I take it you can read backwards in the thread to where I came in, yes? And you'll see that I am mainly interested in the e and i thing here (I think you and I have done the 'whole theory' at least once before) since someone posted about it just before me?
Post 37, in case you're having trouble.
It's shortly before someone dumped a slab.
Yes, try more coffee. An argument from authority is not invalid if there's enough of a consensus from a recognised group of people with valid expertise.Koyaanisqatsi;621054 wrote: "All the scholars in all the world never agree with you Koy, therefore..."
Well...this assertion is complete and utter bullshit.
Maybe I'd understand a bit better if you could demonstrate this 'consensus'.
I asked you earlier who here was NOT a crank. I even asked if you thought you qualified. You didn't answer; I suspect I know why.
You're just another fucking crank here, Ruby. You are no better than Koy and your "arguments" are more lame than Koy's speculations. Your arrogance is wildly misplaced.
"You appeal to authority if you back up your reasoning by saying that it is supported by what some authority says on the subject. Most reasoning of this kind is not fallacious, and much of our knowledge properly comes from listening to authorities. However, appealing to authority as a reason to believe something is fallacious whenever the authority appealed to is not really an authority in this particular subject, when the authority cannot be trusted to tell the truth, when authorities disagree on this subject (except for the occasional lone wolf), when the reasoner misquotes the authority, and so forth. Although spotting a fallacious appeal to authority often requires some background knowledge about the subject or the authority, in brief it can be said that it is fallacious to accept the words of a supposed authority when we should be suspicious of the authority's words."
Site claims to be edited and peer-reviewed by academic philosophers at Universities across the USA.
I hope no one mistakes that for an appeal to authority.
As for whether there is or isn't a meaningful consensus on this, anyone who doubts it can go and find enough experts who would go along with the explanations offered here by koy.
As for whether there is or isn't a meaningful consensus on this, anyone who doubts it can go and find enough experts who would go along with the explanations offered here by koy.[/quote]
Hmmm...Well, if we can use Peter Kirby's historical Jesus page as a starting point, I'd say that Robert Eisenman's hypothesis might fit, but I'm not that familiar with Eisenman. The scholar I keep flashing on as I read Koy's speculations is Richard Horsley. Of course, none of these deal with Paul and the early cult, just the 'historical Jesus'.
Frankly, I don't know where the fuck you get off acting as some kind of scholarly arbiter when it seems obvious to me that you don't know any more than any other participant in this thread. I personally think you should stuff it unless you can posit something credible instead of pissing and moaning about a 'scholarly consensus' which does not fucking exist.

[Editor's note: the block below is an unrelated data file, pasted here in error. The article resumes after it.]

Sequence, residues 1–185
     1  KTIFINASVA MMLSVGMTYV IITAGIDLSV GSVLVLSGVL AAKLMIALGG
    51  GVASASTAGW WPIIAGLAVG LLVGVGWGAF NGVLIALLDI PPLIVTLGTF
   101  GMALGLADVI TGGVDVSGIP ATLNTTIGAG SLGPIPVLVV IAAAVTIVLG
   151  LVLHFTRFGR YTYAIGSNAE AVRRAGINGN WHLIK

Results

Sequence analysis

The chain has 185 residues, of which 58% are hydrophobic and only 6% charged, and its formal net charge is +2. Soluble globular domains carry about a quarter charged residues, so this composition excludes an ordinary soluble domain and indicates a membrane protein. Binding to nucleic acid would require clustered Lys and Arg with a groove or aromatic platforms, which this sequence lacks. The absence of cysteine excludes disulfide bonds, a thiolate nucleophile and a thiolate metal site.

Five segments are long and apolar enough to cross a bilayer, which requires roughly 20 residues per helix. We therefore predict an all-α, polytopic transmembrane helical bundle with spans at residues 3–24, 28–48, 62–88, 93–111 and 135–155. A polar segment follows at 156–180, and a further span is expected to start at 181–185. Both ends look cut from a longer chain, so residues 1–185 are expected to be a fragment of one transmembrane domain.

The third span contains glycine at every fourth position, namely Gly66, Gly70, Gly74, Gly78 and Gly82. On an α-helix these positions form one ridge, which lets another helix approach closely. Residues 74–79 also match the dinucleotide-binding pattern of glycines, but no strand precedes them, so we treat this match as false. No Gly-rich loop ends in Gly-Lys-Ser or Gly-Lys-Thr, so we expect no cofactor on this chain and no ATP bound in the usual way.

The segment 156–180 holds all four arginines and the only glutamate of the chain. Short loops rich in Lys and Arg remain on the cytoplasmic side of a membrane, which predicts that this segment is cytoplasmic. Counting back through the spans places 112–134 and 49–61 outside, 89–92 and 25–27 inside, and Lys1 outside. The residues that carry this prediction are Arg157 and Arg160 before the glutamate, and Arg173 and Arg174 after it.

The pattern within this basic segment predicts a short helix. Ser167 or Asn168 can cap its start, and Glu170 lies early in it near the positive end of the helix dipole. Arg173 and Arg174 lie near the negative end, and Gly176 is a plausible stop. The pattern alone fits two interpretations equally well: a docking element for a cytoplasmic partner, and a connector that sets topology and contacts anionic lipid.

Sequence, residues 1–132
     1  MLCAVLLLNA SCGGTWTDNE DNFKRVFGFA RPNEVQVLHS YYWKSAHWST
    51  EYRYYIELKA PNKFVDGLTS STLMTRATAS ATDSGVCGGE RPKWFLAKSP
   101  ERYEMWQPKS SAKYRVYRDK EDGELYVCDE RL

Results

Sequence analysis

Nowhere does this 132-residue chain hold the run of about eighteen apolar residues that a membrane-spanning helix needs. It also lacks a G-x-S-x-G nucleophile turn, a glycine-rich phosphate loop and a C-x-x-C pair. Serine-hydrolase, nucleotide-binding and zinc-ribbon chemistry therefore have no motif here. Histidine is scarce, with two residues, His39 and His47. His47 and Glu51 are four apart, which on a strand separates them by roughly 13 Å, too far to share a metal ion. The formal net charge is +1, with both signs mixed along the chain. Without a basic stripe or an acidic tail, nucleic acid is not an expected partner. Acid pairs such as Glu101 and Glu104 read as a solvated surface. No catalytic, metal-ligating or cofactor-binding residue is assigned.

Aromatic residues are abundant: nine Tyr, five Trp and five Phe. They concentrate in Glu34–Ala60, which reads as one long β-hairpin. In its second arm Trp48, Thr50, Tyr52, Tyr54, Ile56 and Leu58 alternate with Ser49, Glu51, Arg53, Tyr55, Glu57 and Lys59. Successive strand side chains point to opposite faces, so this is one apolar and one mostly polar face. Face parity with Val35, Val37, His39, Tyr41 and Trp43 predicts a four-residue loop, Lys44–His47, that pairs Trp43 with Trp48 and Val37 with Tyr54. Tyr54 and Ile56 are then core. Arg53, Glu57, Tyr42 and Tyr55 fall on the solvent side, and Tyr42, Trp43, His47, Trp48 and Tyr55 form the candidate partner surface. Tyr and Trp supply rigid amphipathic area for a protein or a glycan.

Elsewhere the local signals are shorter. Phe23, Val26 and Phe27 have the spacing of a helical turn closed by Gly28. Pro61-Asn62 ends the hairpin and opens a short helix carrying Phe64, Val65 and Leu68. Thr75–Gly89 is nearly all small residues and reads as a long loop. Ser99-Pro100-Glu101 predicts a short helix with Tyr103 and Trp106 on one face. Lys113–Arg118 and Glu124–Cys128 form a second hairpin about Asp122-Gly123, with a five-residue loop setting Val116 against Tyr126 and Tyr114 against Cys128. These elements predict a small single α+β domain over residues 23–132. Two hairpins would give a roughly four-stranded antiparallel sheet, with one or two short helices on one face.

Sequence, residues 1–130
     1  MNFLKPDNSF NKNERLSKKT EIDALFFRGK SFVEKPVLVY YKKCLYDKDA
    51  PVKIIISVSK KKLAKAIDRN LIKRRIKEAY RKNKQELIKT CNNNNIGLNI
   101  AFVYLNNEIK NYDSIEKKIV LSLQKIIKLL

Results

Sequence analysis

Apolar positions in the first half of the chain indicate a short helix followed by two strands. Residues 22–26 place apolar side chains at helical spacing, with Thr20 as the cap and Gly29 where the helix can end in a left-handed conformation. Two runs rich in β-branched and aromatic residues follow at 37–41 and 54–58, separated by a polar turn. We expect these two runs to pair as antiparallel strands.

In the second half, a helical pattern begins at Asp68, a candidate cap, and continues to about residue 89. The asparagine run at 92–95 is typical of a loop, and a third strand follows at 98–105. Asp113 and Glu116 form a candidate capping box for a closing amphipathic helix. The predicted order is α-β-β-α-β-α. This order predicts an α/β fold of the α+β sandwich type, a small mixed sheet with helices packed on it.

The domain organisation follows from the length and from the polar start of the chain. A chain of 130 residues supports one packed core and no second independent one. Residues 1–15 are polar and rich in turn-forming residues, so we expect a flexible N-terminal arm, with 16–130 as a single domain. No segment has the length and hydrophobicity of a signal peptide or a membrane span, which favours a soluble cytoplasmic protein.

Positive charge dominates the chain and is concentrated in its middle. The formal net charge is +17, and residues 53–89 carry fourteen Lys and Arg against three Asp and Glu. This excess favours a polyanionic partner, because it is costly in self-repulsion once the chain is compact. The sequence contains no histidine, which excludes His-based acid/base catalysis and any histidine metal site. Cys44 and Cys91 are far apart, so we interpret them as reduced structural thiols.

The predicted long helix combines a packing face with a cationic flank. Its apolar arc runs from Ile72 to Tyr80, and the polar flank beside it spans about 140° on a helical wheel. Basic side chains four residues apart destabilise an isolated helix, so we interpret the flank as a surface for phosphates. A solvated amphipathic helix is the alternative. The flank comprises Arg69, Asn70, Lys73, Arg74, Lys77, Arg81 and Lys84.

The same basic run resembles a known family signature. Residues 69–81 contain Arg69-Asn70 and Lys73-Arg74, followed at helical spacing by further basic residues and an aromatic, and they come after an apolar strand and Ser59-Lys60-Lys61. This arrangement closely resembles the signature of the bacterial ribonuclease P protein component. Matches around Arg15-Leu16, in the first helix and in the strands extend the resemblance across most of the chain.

Frankly, I don't know where the fuck you get off acting as some kind of scholarly arbiter when it seems obvious to me that you don't know any more than any other participant in this thread. I personally think you should stuff it unless you can posit something credible instead of pissing and moaning about a 'scholarly consensus' which does not fucking exist.[/quote]
As you acknowledge, Horsley isn't really relevant to koy's theory and Eisenman, who is more relevant, is in a very tiny minority, though I'm not sure if even he has Paul as a Roman spy. I don't think he does.
I'm not doing 'historical/non-historical Jesus' theories in general, so those other guys aren't relevant. Some of them on Kirby's list don't even believe he existed, which is quite different from koy.
As such you have so far provided precisely 1 relevant person for koy's theory, and even he is only partially relevant.
I'm not even trying to do koy's whole theory in any case, for reasons given. I'm mainly interested, here in this thread, and if you read back through my posts you'll see this, in the e and i thing and how it does or doesn't fit. I've done the whole theory thing to death, including with koy. I do accept that the e and i thing fits, for koy, within his wider theory, and that's fine.
So in that sense, contrary to what you say, I am positing something in relation to the main point I've been making since joining the thread, something which I definitely, at this point, consider to be credible.
And furthermore, since it doesn't seem to be clear to you, an argument from authority wouldn't be fallacious (see earlier link) even if I was making one, which I'm not anyway, because I'm not saying anything is probably wrong because of authority, I am citing authority (quite validly) among other things, such as lack of evidence and there being a less convoluted, more plausible, already demonstrated alternative explanation for the particular issue I'm mainly discussing.
Oh, well, that explains why someone would erase an earlier letter and replace it with a different one.[/QUOTE]Politesse;621036 wrote:The transposition of eta and epsilon isn't idle speculation, it's a phenomenon we see over and over in Koine texts.